Forgiveness & salvation
Grace is also commonplace in anime series with some of its most famous characters, including the namesake of Naruto. A young ninja, Naruto Uzumaki is quick to forgive his enemies; his radical love pierces their hearts, and they in turn repent of their injurious ways. Even more obviously, Haibane Renmei, a series about angelic beings living in a purgatory-like world, features protagonists who struggle with the guilt of sin. At the series climax, one character, Reki, admits that she has hidden her impure heart from her friends, only doing good deeds for them to gain salvation and achieve her “day of flight” from this world. But in the throes of despair, Reki realizes that she cannot earn salvation. Though the mechanics of salvation in this world are unclear, we do see that Reki abandons her own ways and gains it by simply asking. As Daniel Cronquist writes in his monograph, Set Apart, “The instant Reki asked to be saved, the power of her former self vanished. . . . She went from a proud person who was afraid to ask for help, to a new, broken person who could be saved. . . . This transformation is no less than what Paul described when he wrote, ‘Therefore, if anyone is in Christ, he is a new creation; the old has gone, the new has come!’”
Many anime series explore a dark theme that Hollywood has capitalized on in film series like Batman and Spiderman, that even the most heroic figures deal with a sinful nature. Death Note, one of anime’s most popular and controversial shows, features a character named Light Yagami, who has the power to kill others by writing their names in a notebook. In his effort to cleanse the world of evil, he compromises his soul and becomes a villain. I.e., Light becomes dark, much like Lucifer, who has disguised himself as an angel of light (2 Cor. 11:14) since his fall from heaven. Further, Light, who has been carrying out his crime in the shadows, becomes a false idol, as cults develop which worship his anonymous persona, seeinghim as both a hero and a god of judgment . The series asks questions about the nature of evil and man’s role (as opposed to God’s) in determining justice: How can any person possess and wield such power justly? The series ends in such a way that implies we can’t, because of pride and sinfulness. Such judgments belong to a holy God alone.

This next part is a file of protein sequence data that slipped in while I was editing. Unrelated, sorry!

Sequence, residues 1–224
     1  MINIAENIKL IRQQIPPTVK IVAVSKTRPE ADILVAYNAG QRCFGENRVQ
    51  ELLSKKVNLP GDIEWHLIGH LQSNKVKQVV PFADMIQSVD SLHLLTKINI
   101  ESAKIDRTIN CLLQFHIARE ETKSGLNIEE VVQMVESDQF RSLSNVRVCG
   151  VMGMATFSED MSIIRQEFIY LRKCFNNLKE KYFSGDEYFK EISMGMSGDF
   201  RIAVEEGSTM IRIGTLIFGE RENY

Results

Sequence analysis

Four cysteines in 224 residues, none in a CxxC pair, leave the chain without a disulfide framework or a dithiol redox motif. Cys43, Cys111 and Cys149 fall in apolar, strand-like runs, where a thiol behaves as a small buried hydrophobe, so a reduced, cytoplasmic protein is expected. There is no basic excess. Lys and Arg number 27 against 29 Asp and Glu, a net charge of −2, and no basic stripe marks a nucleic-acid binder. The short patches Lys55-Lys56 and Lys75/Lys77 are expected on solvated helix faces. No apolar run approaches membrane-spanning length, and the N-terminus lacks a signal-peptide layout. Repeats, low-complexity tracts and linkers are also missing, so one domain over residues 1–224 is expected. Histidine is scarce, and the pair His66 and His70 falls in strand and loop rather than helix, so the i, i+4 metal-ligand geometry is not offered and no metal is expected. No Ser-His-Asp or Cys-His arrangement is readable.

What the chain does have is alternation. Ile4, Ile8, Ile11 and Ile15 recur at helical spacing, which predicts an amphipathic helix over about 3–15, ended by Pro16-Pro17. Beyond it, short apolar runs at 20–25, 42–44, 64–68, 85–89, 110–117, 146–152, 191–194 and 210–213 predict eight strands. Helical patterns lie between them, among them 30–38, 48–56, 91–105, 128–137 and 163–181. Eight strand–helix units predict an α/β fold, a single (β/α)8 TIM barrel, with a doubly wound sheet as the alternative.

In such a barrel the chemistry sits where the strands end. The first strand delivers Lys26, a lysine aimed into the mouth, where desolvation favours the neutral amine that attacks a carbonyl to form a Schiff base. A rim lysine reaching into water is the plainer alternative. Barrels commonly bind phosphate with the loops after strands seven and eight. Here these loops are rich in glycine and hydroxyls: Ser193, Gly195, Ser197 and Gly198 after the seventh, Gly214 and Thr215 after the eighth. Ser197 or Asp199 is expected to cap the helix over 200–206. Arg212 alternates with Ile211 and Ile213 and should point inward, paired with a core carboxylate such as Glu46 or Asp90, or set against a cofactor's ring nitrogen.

Christian imagery and themes appear in other anime series as well. Goku, the alien superhero of Dragonball Z, is an allusion to Christ with his frequent acts of self-sacrifice for humanity. In Tokyo Godfathers, three homeless characters seek to reunite an abandoned newborn with her parents on Christmas Eve, finding their own measure of grace and healing along the way. Even in Pokemon, a child’s show, the relationship between Ash and Pikachu demonstrates a love that protect and perseveres, reminiscent of that described by Paul in 1 Corinthians 13.
Christianity depicted clearly
The Japanese have addressed Christianity directly, too. Studio 4°C’s short film, My Last Day, depicts the Crucifixion through the eyes of one of the crucified thieves. (Watch the 9-minute film here.) Reminiscent of The Passion of the Christ in its graphic portrayal, the film was conceived by the distributors of the evangelistic JESUS film and dubbed in a number of languages to reach young audiences globally. It joins The Flying House, Superbook, and In the Beginning (the Vatican’s 1980s collaboration with Osamu Tezuka) as works depicting Bible stories.
Bible-based manga (Japanese comics) have also been created, including the recent Paul: Tarsus to Redemption, a three volume, manga-influenced work by American distributor Manga Hero, a company which solely creates faith-inspired works. American publishers have also released several manga versions of the Bible.
Meanwhile, a number of the actors who provide voices for the English dubs of anime series are vocal Christians. Many of them have a loyal following, largely developed through interaction at anime conventions, which can attract more than 20,000, adults and children both. Vic Mignogna, a voice actor with a large following, has led a convention panel on “Christianity in Anime” and together with voice actress Caitlin Glass and others, sometimes leads worship services at conventions on Sunday mornings.
Conventions are the prime example of how anime can engage viewers, changing a form of entertainment into something more personal. Its impact is growing, and as the Internet breaks down international boundaries, it will continue to attract young people. Though anime can seem strange or “foreign” in more ways than one, it is well to remember that God can redeem anything—even stories about 14-year-old, pink clad, big-eyed, magical girls.